62 results found for 11-14-year-olds

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00:03:00

The Krebs Cycle

by Matt Johnson
The Krebs Cycle
for 11-14 and upwards,
Lectures | 11-14 and upwards | 3 years ago | 0 views
Rating:

Matt Johnson explains the Krebs Cycle, its discovery by a University of Sheffield Nobel Prize winner and its role in endurance sports such as cycling.

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00:45:00

Dr. Ahlquist Lecture 2

by Jon Ahlquist
Dr. Ahlquist Lecture 2
for 11-14 and upwards,
Lectures | 11-14 and upwards | 4 years ago | 3048 views
Rating:

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00:32:00

Dr. Ahlquist Lecture

by Jon Ahlquist
Dr. Ahlquist Lecture
for 11-14 and upwards,
Lectures | 11-14 and upwards | 4 years ago | 2359 views
Rating:

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00:03:00

Modelling C60

by Jonathan Hare
Modelling C60
for 11-14 and upwards,
Lectures | 11-14 and upwards | 6 years ago | 991 views
Rating:

Jonathan describes the construction of a model of the C60 molecule.

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00:05:00

Wave Power

by Jonathan Hare
Wave Power
for 11-14 and upwards,
Lectures | 11-14 and upwards | 6 years ago | 977 views
Rating:

The UK coast is constantly being bombarded by sea waves.  There is a massive amount of power available from these waves.  Jonathan describes three different ways of generating electrical power from water waves.

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00:03:00

How does a transistor work?

by Jonathan Hare
How does a transistor work?
for 11-14 and upwards,
Lectures | 11-14 and upwards | 6 years ago | 1571 views
Rating:

A short video explaining how transistors work.  At the heart of our high-tech society with radios, mobile phones, computers and space exploration are tiny electronic components called transistors.  They have revolutionised electronics and in the pr....

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00:06:00

Solar Cells

by Jonathan Hare
Solar Cells
for 11-14 and upwards,
Lectures | 11-14 and upwards | 6 years ago | 5298 views
Rating:

A short video on solar cells explaining with accompanying information sheet. How they work and how Jonathan uses solar power at home.

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00:06:00

Simple Electrical Generator

by Jonathan Hare
Simple Electrical Generator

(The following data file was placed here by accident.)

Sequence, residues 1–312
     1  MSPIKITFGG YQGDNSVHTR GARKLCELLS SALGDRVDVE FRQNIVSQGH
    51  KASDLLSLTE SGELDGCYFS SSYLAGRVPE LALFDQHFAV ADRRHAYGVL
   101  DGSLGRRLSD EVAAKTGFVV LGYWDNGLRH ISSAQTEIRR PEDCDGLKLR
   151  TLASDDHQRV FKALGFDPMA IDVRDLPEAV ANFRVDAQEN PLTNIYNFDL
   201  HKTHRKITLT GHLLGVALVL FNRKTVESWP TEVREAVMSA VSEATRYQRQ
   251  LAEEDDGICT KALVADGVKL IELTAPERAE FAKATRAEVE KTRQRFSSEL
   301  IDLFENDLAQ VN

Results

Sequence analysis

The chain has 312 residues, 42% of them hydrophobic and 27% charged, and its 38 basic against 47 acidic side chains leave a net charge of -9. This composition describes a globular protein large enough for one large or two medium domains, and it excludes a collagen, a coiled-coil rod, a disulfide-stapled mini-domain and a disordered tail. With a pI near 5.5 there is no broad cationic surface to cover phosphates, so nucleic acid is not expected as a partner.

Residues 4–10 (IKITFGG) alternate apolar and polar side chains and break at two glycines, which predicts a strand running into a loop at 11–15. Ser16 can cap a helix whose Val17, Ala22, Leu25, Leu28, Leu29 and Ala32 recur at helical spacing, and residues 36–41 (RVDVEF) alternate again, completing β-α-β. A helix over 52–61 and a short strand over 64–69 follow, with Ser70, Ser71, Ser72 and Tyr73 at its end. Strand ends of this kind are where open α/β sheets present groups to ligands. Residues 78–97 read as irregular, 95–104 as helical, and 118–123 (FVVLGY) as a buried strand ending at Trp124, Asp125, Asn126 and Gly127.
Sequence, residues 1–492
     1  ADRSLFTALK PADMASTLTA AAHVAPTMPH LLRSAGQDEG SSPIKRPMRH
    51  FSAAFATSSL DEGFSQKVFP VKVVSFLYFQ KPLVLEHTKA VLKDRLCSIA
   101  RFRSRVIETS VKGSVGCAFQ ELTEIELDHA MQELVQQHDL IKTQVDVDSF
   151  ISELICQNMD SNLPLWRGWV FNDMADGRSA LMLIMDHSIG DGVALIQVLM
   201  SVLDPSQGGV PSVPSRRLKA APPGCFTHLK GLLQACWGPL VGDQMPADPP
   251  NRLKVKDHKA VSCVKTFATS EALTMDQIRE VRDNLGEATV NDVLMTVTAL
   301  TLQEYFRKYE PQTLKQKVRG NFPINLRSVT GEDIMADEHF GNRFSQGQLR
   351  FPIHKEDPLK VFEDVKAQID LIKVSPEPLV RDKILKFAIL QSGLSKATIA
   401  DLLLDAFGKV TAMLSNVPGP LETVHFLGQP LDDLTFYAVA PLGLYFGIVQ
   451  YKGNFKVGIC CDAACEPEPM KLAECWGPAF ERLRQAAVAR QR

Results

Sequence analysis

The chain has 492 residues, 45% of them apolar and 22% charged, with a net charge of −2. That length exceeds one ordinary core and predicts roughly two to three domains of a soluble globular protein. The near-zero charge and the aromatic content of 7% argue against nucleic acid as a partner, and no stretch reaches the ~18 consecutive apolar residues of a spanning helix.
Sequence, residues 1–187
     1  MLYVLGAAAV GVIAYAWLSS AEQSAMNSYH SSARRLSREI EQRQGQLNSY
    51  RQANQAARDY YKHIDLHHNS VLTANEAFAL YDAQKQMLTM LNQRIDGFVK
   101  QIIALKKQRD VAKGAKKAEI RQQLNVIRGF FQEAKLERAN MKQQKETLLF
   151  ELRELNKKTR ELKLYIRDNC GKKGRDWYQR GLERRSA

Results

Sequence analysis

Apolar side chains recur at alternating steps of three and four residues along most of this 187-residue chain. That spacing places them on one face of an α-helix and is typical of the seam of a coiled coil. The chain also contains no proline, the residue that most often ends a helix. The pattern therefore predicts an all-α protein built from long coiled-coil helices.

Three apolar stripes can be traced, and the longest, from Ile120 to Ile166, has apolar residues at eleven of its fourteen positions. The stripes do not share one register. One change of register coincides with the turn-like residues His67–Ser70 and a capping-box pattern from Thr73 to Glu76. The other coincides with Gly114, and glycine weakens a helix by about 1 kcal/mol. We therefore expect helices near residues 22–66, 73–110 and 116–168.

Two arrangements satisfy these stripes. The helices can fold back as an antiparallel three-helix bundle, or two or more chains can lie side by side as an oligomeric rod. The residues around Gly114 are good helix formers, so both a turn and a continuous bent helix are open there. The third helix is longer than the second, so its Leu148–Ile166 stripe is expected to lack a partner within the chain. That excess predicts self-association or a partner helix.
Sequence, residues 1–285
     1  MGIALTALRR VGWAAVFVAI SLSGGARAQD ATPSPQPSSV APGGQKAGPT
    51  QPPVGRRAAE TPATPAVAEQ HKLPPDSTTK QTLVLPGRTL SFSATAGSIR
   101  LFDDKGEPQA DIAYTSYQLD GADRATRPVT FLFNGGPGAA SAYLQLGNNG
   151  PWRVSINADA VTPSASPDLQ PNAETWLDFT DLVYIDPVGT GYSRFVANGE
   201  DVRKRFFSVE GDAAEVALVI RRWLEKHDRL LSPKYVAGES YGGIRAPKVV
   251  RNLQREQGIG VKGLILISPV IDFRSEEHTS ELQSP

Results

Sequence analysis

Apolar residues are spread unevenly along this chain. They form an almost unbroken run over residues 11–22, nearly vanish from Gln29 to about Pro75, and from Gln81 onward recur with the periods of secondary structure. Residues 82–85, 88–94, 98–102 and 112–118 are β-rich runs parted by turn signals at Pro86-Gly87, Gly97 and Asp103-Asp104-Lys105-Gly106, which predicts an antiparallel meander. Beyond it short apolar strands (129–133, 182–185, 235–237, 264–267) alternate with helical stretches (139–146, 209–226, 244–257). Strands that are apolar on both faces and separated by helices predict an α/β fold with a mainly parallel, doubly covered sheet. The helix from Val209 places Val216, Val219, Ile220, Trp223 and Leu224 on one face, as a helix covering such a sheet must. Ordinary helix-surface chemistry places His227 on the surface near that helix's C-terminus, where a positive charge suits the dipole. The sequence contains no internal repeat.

for 11-14 and upwards,
Lectures | 11-14 and upwards | 6 years ago | 949 views
Rating:

With some simple circuitry and a homemade hand powered generator Jonathan makes AC and DC electricity that could be used for charging a mobile phone or attaching to a wind turbine.

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00:09:00

Paper Windmills

by Jonathan Hare
Paper Windmills
for 11-14 and upwards,
Lectures | 11-14 and upwards | 6 years ago | 2561 views
Rating:

Jonathan makes some simple paper windmills/turbines and experiments with a simple generator to power house hold devices such as torches, calculators and even a radio.

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00:04:00

Mobile Phone

by Jonathan Hare
Mobile Phone
for 11-14 and upwards,
Lectures | 11-14 and upwards | 6 years ago | 1040 views
Rating:

Jonathan shows us with a cheap and simple homemade demonstration how your mobile telephone generates radio waves in order for you to use it to communicate.  As you will see you can use this method to explore many aspects of your mobile phone!

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00:06:00

What is Graphene?

by Jonathan Hare
What is Graphene?
for 11-14 and upwards,
Lectures | 11-14 and upwards | 6 years ago | 2263 views
Rating:

In October 2010 the Nobel Prize for Physics was won by Andre Geim and Konstantin Novoselov at Manchester University for their work on graphene but if you are left wondering just what graphene is then watch this video. Jonathan explains all.

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00:07:00

Graphene and the Carbon Revolution

by Jonathan Hare
Graphene and the Carbon Revolution
for 11-14 and upwards,
Lectures | 11-14 and upwards | 6 years ago | 1214 views
Rating:

Jonathan explains what graphene is and how it fits into the revolution in carbon science.

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00:04:00

Electrical Generator

by Jonathan Hare
Electrical Generator
for 11-14 and upwards,
Lectures | 11-14 and upwards | 6 years ago | 895 views
Rating:

This short video shows one of the demonstrations for the Physics SEPNet exhibition - "Who will keep the lights on?" which travelled around the southern UK from February 2009.  We describe and explain the electrical generator demonstration which Jona....

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00:04:00

Queueing theory

by Bill Hammack
Queueing theory
for 11-14 and upwards,
Lectures | 11-14 and upwards | 9 years ago | 4517 views
Rating:

Bill introduces queueing theory and uses it to design the most efficient check out line

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00:04:00

Photocopier

by Bill Hammack
Photocopier
for 11-14 and upwards,
Lectures | 11-14 and upwards | 9 years ago | 3644 views
Rating:

Bill uses power tools to take apart a photocopier. He shows how it works, and shares the story of its invention by Chester Carlson.

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00:05:00

The Light Bulb

by Bill Hammack
The Light Bulb
for 11-14 and upwards,
Lectures | 11-14 and upwards | 9 years ago | 5263 views
Rating:

Bill reads from his book of fairy tales. He tells the story of the engineering of a light bulb, focusing on the materials breakthrough needed to make the filament.

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00:03:00

Copper – The Miracle Metal

by Bill Hammack
Copper – The Miracle Metal
for 11-14 and upwards,
Lectures | 11-14 and upwards | 9 years ago | 1162 views
Rating:

Bill cuts a copper pipe from his ceilng to show the five properties of copper that make it the most important metal for our world: From clean water to electronics.